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Exhaust Conditioning Technology to Prevent Sulfur Poisoning on Methane Oxidation Catalyst

[+] Author Affiliations
Isna Y. Goenawan, Linjie (Robin) Hu, Shazam Williams

DCL International Inc., Concord, ON, Canada

Paper No. ICEF2015-1118, pp. V002T04A007; 8 pages
doi:10.1115/ICEF2015-1118
From:
  • ASME 2015 Internal Combustion Engine Division Fall Technical Conference
  • Volume 2: Emissions Control Systems; Instrumentation, Controls, and Hybrids; Numerical Simulation; Engine Design and Mechanical Development
  • Houston, Texas, USA, November 8–11, 2015
  • Conference Sponsors: Internal Combustion Engine Division
  • ISBN: 978-0-7918-5728-1
  • Copyright © 2015 by ASME

abstract

In some regions of the world, emissions of total organic carbon (TOC), including methane and non-methane hydrocarbons (NMHCs), from the tail pipe of natural gas or biogas fuelled combustion equipments are strictly regulated (e.g. 150 mg/Nm3 of exhaust gas in Italy). Post combustor has been widely chosen in response to the TOC emission targets. TOC typically consists of >90% methane — a strong greenhouse gas and the most challenging compound to remove due to its highly stable form. Thus, more gas is being consumed to burn the TOC present in the exhaust, resulting in higher operating (or power production) costs.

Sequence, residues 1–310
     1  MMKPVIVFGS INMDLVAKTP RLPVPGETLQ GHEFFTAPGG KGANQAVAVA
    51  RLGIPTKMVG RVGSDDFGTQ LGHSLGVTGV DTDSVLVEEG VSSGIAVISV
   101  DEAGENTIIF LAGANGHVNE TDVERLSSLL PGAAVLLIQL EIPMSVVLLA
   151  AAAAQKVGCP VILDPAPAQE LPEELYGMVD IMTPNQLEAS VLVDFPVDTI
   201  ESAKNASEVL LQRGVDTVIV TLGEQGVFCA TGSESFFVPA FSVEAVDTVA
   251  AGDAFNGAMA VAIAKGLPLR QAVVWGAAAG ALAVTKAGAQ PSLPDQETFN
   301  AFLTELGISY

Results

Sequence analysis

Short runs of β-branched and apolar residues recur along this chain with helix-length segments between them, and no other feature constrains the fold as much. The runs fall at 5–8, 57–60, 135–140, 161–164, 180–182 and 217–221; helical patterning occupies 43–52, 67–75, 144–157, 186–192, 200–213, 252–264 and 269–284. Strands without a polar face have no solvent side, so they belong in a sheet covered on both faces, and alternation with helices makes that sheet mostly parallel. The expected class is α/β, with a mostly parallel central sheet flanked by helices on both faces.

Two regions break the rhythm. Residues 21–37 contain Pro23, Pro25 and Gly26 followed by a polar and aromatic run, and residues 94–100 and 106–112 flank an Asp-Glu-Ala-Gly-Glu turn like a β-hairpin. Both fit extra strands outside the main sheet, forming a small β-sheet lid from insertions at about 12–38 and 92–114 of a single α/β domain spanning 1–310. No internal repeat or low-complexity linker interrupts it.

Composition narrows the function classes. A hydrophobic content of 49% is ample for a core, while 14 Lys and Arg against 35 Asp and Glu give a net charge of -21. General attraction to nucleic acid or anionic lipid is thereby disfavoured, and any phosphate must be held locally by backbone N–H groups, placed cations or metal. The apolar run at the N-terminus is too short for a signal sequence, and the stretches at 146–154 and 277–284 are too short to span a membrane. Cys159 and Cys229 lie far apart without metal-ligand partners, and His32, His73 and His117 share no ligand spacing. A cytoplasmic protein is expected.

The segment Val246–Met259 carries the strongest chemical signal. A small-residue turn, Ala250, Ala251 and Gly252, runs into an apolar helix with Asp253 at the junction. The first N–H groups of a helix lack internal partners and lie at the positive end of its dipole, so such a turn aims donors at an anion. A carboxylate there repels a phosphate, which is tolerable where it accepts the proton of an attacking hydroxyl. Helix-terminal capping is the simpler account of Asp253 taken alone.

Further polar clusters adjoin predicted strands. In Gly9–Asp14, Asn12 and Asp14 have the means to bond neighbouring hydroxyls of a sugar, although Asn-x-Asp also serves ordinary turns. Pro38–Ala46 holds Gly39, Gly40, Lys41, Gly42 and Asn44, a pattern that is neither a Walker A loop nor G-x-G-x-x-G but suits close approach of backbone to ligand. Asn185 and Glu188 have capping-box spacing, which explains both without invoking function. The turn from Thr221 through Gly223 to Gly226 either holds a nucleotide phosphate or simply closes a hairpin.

A passive catalytic approach is an alternative to post combustor. Palladium based oxidation catalyst is known to actively remove TOC, providing no sulfur compounds present. Sulfur poisons and deactivates the catalyst in a short time. This paper presents a concept to extend the life of the oxidation catalyst by using an exhaust post conditioning system. The system is designed to eliminate and withstand contaminants, yielding a protection to the catalyst. Consequently, the catalyst life is prolonged by about 50 times.

Copyright © 2015 by ASME

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